This page contains support information about eduroam. For a general overview of eduroam please go to our services section.
How do I set up Eduroam?
In order to set up eduroam on your campus you must be a REANNZ member. If you are currently a REANNZ member and do not have eduroam enabled on your campus, please contact our engagement team to get this service up and running.
In order to give your users access to eduroam on your campus, you will need the following:
- An Identity Management System (IdMs), where your users' electronic identities are stored.
- A RADIUS server, which needs to be connected to your IdMs.
- Configure your wireless LAN according to the eduroam requirements.
How does Eduroam work?
Any user from an eduroam-participating institution can get network access at any other institution connected to eduroam. Depending on local policies at the visited institutions, eduroam participants may also have additional resources at their disposal.
The role of the RADIUS hierarchy is to forward user credentials to the user's home institution, where they can be verified and validated.
When a user requests authentication, the user's realm determines where the request is routed to. The realm is the suffix of the user-name, delimited with '@', and is derived from the organisation's domain name.
eduroam-enabled institutions connect their institutional RADIUS server to the federation level RADIUS (FLR) server of the country where the institution is located.
The FLR in New Zealand is operated by REANNZ. These federation-level servers have a complete list of the participating eduroam institutions in that country. This is sufficient to guarantee roaming operations.
For international roaming, a regional top-level RADIUS server is needed in order to roam the users request to the right territory. Currently there are two top-level RADIUS servers deployed in Europe.
What technology does Eduroam use?
A hierarchical system of RADIUS servers is used to transport the authentication requests of users from the visited institution to their home institution, and the authentication response back.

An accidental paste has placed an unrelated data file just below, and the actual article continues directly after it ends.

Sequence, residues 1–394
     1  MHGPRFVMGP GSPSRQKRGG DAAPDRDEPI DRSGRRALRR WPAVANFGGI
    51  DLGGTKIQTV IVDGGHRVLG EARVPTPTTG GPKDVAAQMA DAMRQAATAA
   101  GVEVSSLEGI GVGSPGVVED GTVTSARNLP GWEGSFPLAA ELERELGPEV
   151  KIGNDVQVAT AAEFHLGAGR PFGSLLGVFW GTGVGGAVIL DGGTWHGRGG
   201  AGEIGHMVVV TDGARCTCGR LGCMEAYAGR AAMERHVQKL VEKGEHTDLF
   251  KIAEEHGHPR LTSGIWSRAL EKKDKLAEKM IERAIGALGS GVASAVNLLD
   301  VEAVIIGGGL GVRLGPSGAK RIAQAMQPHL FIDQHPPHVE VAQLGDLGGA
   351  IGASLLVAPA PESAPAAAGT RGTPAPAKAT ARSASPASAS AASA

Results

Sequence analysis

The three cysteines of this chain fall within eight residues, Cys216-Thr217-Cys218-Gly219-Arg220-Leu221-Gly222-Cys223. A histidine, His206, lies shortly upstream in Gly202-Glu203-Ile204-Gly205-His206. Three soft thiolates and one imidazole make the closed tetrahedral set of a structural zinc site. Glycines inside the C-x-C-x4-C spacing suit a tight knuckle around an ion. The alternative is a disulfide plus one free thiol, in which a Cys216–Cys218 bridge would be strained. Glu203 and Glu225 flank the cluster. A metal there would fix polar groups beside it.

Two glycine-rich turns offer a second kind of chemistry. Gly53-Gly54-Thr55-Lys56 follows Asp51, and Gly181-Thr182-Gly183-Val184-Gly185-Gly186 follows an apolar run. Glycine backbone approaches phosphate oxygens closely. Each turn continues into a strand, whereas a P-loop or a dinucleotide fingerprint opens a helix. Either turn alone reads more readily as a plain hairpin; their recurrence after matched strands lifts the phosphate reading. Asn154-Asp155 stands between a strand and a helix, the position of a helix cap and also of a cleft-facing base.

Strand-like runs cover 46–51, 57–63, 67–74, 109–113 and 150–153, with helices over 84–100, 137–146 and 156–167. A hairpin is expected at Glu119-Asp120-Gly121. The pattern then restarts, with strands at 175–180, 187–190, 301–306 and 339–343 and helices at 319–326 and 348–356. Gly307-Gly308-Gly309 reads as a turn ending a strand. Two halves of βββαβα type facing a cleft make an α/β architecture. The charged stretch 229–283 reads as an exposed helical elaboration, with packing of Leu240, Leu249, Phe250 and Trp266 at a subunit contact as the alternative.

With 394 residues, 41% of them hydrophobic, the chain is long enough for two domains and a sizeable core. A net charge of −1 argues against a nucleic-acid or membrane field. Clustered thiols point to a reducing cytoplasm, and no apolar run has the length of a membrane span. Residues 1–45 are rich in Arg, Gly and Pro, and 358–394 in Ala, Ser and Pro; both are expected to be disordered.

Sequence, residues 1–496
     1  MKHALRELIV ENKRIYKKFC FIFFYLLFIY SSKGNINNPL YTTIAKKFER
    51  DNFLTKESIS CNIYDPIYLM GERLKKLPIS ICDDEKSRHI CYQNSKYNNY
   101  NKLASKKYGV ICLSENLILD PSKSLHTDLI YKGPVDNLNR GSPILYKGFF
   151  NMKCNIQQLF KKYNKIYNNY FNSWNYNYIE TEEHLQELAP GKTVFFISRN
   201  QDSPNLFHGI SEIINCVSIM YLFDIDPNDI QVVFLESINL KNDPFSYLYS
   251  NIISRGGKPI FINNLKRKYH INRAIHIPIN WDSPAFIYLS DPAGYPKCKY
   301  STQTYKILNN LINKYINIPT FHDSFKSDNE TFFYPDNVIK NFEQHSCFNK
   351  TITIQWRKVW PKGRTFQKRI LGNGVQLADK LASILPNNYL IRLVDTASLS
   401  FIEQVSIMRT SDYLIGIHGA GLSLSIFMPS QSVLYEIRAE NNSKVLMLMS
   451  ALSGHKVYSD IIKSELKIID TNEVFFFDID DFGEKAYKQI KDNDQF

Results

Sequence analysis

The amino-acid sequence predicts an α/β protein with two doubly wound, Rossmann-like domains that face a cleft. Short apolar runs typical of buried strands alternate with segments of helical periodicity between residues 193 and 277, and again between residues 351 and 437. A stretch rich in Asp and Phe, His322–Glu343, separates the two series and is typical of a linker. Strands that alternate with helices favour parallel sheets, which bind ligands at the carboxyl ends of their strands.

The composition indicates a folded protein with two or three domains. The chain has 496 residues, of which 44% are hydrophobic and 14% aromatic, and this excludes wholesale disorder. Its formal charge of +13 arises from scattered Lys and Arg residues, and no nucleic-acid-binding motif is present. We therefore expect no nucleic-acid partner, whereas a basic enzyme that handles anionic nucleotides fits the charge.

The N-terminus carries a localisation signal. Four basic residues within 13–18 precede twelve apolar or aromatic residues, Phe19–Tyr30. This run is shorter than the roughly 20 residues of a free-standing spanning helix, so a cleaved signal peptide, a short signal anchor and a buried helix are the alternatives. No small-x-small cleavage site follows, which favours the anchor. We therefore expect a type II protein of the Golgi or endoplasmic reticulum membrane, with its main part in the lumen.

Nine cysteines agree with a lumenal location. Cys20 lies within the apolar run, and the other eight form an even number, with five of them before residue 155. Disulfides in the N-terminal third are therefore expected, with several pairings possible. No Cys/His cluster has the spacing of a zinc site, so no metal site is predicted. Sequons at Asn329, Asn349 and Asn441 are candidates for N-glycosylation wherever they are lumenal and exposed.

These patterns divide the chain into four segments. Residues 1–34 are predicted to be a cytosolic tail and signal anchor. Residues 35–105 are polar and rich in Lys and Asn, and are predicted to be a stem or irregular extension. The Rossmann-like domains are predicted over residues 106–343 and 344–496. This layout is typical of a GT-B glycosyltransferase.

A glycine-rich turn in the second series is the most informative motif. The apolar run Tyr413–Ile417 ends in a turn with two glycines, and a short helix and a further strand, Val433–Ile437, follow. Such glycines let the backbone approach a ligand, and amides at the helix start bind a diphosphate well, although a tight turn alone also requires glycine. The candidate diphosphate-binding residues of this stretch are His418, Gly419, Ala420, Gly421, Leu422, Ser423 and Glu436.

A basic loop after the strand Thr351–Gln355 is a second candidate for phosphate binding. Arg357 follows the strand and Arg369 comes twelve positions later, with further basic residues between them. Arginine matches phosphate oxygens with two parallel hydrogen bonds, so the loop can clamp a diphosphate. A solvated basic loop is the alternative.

Communication between the access point and the user's home institution is based on IEEE 802.1X standard. 802.1X encompasses the use of EAP (extensible authentication protocol) which allows for different authentication methods.
Depending on the type of EAP method used, a secure tunnel will be established from the user’s computer to his home institution through which the actual authentication information (username/password etc.) will be carried (EAP-TTLS or PEAP). Alternatively, mutual authentication by public X.509 certificates will be used, which is not vulnerable to eavesdropping (EAP-TLS).
I am a student/researcher/professor, can I use Eduroam?
As end-user you will only be able to use eduroam if your institution participates in eduroam and provides electronic identity (e.g. an account for network access).
In order to set up an eduroam account you will need to contact your institution's network administrator. You (or your network administrator) will have to configure your computer to enable eduroam access.
More details can be found on your institution's website:
Who do I contact to set up Eduroam in a public place?
eduroam can be set up in collaboration with public wifi providers. If your business is interested in supporting an eduroam connection in the a public place, please contact our engagement team to discuss further.
The REANNZ eduroam Policy sets out guidelines that cover the control of the supply and receipt of internet access for educational and research purposes, as well as outlining the roles and responsibilities of REANNZ and users of eduroam.